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Some conspiracies are real

by Limbic on December 15, 2018

In the 90’s I used to believe any and all conspiracy theories were utter rubbish. Over the years my confidence in my hard skeptic position has diminished.

The first knock came when Echelon turned out to be true. I was told about it by a drunken colleague at British Telecom a few years before it was publicly revealed. The same person also told me about the Five Eyes intelligence agencies tapping the core internet trunks, something Snowden confirmed nearly 20 years later.

Another knock came from the realization that the 40 year war on dietary fat turned out to be misguided at best, if not criminally negligent.

The book and later film the Merchants of Doubt exposed the unbelievable scale and boldness of the industrial disinformation campaigns waged against us all.

Recently I witnessed an anti-conspiracy staple take a fatal hit. “Conspiracies cannot be real because people cannot keep secrets”. I used to believe this until I was involved in the recent Specter and Meltdown response. For months, hundreds of not thousands of security professionals across the industry worked together – conspired – in total secrecy, to patch all major operating systems against the vulnerabilities.

Now it seems like every week I am hearing about conspiracy theories that turn out to be true.

Today the “baby powder causes cancer” conspiracy theorists appear to have been right. Reuters has revealed that the company did indeed find asbestos in some of its talk products as far back as 1971. I can remember dismissing that one too.

There are two good books that address this topic.

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The Russel Conjugation

by Limbic on November 24, 2018

Eric R. Weinstein on The Russel Conjugation:

The basic principle of Russell Conjugation is that the human mind is constantly looking ahead well beyond what is true or false to ask “What is the social consequence of accepting the facts as they are?”  While this line of thinking is obviously self-serving, we are descended from social creatures who could not safely form opinions around pure facts so much as around how those facts are presented to us by those we ape, trust or fear. Thus, as listeners and readers our minds generally mirror the emotional state of the source, while in our roles as authoritative narrators presenting the facts, we maintain an arsenal of language to subliminally instruct our listeners and readers on how we expect them to color their perceptions. Russell discussed this by putting three such presentations of a common underlying fact in the form in which a verb is typically conjugated:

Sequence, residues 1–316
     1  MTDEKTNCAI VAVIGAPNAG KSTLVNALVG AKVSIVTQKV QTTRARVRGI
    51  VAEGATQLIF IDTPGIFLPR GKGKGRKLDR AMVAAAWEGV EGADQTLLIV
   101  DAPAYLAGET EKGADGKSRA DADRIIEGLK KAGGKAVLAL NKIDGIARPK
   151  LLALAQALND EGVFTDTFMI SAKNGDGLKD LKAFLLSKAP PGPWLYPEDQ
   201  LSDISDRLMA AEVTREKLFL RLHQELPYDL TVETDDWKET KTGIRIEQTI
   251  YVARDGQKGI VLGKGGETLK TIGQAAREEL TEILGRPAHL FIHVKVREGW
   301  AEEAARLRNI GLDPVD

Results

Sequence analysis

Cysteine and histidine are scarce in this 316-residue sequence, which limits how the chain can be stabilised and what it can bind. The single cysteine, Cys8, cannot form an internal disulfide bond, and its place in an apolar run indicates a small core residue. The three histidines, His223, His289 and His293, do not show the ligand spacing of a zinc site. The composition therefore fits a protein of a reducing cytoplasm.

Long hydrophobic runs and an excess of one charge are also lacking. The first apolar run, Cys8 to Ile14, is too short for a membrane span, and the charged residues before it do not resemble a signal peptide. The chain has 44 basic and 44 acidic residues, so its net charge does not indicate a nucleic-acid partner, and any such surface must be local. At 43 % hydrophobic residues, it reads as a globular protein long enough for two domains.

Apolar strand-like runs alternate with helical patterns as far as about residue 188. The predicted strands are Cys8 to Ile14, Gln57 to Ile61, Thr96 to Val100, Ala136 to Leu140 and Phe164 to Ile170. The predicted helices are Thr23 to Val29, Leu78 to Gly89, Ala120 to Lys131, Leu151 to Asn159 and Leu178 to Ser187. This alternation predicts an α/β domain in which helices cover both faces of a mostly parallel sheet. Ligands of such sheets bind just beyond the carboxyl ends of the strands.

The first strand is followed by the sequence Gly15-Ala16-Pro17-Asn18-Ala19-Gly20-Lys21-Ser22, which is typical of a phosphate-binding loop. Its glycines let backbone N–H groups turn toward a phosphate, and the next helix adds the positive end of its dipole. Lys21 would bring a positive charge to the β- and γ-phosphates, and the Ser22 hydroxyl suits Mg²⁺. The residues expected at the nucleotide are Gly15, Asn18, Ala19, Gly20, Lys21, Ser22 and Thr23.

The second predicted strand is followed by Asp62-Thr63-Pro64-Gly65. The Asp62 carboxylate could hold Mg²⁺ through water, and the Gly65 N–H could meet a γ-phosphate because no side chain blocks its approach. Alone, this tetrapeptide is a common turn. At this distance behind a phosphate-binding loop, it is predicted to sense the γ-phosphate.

• I am firm. [Positive empathy]
  • You are obstinate. [Neutral to mildly negative empathy]
  • He/She/It is pigheaded.  [Very negative empathy]

In all three cases, Russell was describing people who did not readily change their minds. Yet by putting these descriptions so close together and without further factual information to separate the individual cases, we were forced to confront the fact that most of us feel positively towards the steadfast narrator and negatively towards the pigheaded fool, all without any basis in fact.

…If we accept that Russell Conjugation keeps us from even seeing that we do not hold consistent opinions on facts, we see a possible new answer to a puzzle that dates from the birth of the web: “If the internet democratized information, why has its social impact been so much slower than many of us expected?” Assuming that our actions are based not on what we know but upon how we feel about what we know, we see that traditional media has all but lost control of gate-keeping our information, but not yet how it is emotively shaded. In fact, it is relatively simple to write a computer program to crawl factually accurate news stories against a look-up table of Russell conjugates to see the exact bias of every supposedly objective story.

Thus the answer to the puzzle of our inaction it seems may be that we built an information superhighway for all, but neglected to build an empathy network alongside it to democratize what we feel.”

https://www.edge.org/response-detail/27181

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Do not lie to yourself

by Limbic on November 24, 2018

image

The Brothers Karamazov by Dostoyevsky

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Everyone IS laughing at you

by Limbic on November 24, 2018

http://isnthappiness.com/?p=36240

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Seven Moral Rules Found All Around the World

by Limbic on August 12, 2018

These seven moral rules – love your family, help your group, return favors, be brave, defer to authority, be fair, and respect others’ property – appear to be universal across cultures.

Source: Seven Moral Rules Found All Around the World – The Evolution Institute

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Orwell on Liberty

by Limbic on August 11, 2018

George Orwell once said that “if liberty means anything at all, it means the right to tell people what they do not want to hear.”